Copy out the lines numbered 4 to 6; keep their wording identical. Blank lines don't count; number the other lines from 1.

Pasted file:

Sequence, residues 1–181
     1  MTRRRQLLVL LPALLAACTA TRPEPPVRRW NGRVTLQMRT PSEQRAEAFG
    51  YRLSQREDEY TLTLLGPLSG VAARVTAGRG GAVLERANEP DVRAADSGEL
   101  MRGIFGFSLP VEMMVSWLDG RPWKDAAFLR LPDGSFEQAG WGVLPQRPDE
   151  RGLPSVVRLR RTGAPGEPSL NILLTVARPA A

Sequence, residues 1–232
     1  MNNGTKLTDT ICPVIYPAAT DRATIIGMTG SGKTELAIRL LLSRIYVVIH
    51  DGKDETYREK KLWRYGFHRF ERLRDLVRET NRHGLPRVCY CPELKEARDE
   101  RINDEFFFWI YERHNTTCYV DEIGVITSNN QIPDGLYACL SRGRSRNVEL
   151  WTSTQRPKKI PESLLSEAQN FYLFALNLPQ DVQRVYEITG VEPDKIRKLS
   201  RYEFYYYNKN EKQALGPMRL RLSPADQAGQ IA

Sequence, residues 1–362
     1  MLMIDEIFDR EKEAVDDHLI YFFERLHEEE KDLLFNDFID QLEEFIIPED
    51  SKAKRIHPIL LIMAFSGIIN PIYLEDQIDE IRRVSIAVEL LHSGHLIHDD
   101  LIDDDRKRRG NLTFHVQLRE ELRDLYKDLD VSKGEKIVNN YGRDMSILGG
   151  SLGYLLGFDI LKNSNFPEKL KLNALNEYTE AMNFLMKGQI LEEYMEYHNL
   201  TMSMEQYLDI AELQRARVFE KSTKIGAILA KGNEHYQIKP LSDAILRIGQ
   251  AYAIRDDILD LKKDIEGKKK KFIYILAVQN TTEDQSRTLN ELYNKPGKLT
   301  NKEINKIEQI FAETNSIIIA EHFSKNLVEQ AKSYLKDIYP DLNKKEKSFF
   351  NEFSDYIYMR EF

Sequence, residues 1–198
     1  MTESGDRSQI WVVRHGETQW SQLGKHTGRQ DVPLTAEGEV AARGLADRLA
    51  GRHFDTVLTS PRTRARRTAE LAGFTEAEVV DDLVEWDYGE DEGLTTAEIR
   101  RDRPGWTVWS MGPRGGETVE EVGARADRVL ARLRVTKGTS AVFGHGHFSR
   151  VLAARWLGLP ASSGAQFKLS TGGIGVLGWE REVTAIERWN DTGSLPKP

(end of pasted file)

   101  MRGIFGFSLP VEMMVSWLDG RPWKDAAFLR LPDGSFEQAG WGVLPQRPDE
   151  RGLPSVVRLR RTGAPGEPSL NILLTVARPA A

Sequence, residues 1–232